Guest post by Amol M. Joshi, Oregon State University
There is an ongoing but unresolved debate that has been rapidly heating up over the last several years. The central question in this debate is: How do we help minority and women entrepreneurs overcome barriers to securing R&D funding — the lifeblood of new high-tech ventures? On one side of the debate, a number of observers believe that the fundamental problem is supply or simply a lack of a critical mass of minority and women participants in science, technology, engineering and math (STEM) fields. On the other side of debate, many people believe that the problem is demand or basically a lack of interest among funding providers in making investments and supporting ventures led by minority and women entrepreneurs. There is some evidence supporting both sides of the debate.
For example, on the demand side, critics of the venture capital (VC) industry decry the fact that minorities and women are rarely represented in the ranks of managing partners and key decision-makers who screen and invest in promising new technology ventures. According to a 2016 survey by the National Venture Capital Association, women and minorities comprise only 11% and 22%, respectively, of investment partners at U.S. VC firms.
These critics argue that the lack of diversity among investors leads to cognitive biases and/or blind spots in fairly evaluating and valuing ventures led by minority and women entrepreneurs. As a result, many high potential ventures are unable to create and commercialize new technologies due to a lack of funding. In 2016, my co-authors (Todd Inouye and Jeffrey Robinson) and I began a research project to explore the demand side question of barriers to R&D funding in a new way. We recognized that outside of VC funds, the major sources of seed stage funding in the U.S. are the Federal Small Business Innovation Research (SBIR) and Small Business Technology Transfer (STTR) Programs. After engaging in a number of discussions with government leaders in the U.S. Minority Business Development Agency (MBDA) as part of the National Town Hall on Inclusive Innovation we started to wonder: How does agency workforce diversity influence Federal R&D funding of minority and women technology entrepreneurs? In other words, if the problem in obtaining VC funding was the lack of sufficient representation of minorities and women as decision-makers, might the same problem also be occurring in the Federal government across the various agencies participating in the SBIR and STTR programs and awarding R&D grants?
We decided to explore how the demographic diversity of grantor agencies affected the odds for demographically diverse grantees to successfully transition from initial (Phase I) to follow-on (Phase II) Federal R&D grants. We analyzed 52,126 Phase I SBIR/STTR awards granted by 11 Federal agencies (2001–2011). We hypothesized that “if an agency employs a more diverse workforce, this may drive more outreach to minority and women technology entrepreneurs. There may also be more accessibility, approachability, and visibility in the initial grant applicant recruitment process and during the subsequent, but equally critical period of technical assistance.” (Joshi, Inouye, and Robinson, 2017)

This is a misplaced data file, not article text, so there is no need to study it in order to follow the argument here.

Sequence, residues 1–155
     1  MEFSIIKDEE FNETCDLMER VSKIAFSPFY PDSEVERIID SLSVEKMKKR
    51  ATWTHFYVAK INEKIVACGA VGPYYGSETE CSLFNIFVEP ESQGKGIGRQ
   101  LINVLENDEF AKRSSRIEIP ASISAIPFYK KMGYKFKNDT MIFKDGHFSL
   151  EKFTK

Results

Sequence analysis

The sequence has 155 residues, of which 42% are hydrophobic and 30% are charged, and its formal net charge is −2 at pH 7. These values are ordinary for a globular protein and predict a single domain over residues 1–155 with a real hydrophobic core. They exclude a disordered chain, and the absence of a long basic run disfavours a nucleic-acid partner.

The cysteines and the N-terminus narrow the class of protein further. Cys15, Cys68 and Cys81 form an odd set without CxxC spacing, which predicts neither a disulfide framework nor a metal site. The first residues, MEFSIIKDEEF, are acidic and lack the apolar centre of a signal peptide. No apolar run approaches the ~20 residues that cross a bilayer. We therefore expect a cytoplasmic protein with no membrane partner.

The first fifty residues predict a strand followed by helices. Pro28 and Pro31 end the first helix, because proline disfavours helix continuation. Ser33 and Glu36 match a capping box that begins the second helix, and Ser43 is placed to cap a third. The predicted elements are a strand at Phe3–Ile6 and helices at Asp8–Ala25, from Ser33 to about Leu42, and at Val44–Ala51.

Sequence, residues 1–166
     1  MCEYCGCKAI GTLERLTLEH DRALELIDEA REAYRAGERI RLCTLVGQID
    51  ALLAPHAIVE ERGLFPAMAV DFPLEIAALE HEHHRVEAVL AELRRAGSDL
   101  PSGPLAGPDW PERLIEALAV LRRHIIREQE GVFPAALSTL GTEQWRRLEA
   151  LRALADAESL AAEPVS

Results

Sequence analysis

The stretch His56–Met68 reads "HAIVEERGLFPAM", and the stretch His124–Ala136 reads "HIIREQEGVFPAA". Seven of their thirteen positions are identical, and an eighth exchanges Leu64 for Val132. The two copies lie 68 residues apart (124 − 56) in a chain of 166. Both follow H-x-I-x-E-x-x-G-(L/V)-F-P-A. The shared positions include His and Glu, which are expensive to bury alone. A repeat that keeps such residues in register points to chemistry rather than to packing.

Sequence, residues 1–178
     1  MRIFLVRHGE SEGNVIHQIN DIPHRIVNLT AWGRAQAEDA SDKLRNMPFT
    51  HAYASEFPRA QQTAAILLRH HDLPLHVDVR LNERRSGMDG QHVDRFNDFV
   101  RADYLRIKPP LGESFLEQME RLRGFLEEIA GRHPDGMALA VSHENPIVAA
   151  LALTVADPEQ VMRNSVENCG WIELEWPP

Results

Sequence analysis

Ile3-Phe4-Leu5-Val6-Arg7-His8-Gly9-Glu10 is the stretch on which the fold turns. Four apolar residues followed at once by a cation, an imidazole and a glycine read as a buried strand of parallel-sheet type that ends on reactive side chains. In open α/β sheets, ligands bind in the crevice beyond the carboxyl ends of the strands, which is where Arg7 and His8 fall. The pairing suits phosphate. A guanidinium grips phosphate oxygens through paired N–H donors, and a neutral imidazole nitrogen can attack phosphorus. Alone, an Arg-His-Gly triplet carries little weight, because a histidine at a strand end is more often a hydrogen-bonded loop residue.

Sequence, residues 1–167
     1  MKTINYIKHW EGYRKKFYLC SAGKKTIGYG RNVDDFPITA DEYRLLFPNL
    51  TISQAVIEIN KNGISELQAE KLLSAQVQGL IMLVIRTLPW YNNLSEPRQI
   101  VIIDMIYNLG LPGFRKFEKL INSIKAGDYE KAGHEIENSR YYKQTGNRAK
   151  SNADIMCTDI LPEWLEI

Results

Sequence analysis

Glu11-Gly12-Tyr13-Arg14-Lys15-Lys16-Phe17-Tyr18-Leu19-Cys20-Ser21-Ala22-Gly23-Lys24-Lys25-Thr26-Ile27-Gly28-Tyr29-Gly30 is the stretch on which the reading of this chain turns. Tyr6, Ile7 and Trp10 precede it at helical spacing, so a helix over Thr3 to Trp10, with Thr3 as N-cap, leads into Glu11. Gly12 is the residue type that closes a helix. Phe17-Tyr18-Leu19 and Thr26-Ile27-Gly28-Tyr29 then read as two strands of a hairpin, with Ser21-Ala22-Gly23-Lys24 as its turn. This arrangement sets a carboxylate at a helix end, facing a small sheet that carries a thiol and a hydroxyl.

As described in the excerpt below, “Our most relevant and impactful finding for policymakers is that the general level of diversity (racial, ethnic, and gender) within grantor agencies exhibits a consistently positive and highly significant relationship with the likelihood of successful transition from Phase I to Phase II for all grantee firms. This means that all else being equal, Phase I awardees are more likely to obtain follow-on Phase II funding if the granting agency is more diverse. Phase II funding is critical because it bridges the private R&D funding gap between proof-of-concept and commercialization. If policymakers aim to achieve higher commercialization rates and thereby strengthen the national system of innovation, a heretofore overlooked lever might be unpacking how Federal agency workforce diversity may be enhanced going forward.” (Joshi, Inouye, and Robinson, 2017)
We also find that “Funds from SBIR and STTR tend to have a disproportionately larger impact on minority-owned and women-owned small businesses than other types of firms. This implies that sustained funding of SBIR and STTR programs is vital for supporting minority and women technology entrepreneurs, who may have limited access to alternative means of financing their technology ventures and commercializing their innovations.” (Joshi, Inouye, and Robinson, 2017)
We are now extending our original study further by investigating how R&D grants and access to credit affects U.S. small to medium-sized enterprises (SMEs) in their global export activities. Our preliminary findings indicate the minority and women entrepreneurs also encounter significant barriers to exporting their products around the world. We look forward to sharing the results of this follow-on study with you in the near future.
We thank Michael Verchot and the team at the UW Consulting and Business Development Center for organizing two special conferences on Minority Entrepreneurship in 2016, where we presented earlier versions of this research and obtained valuable feedback from conference participants. This study was funded in part by the Kauffman Foundation and the Rutgers Center for Urban Entrepreneurship & Economic Development.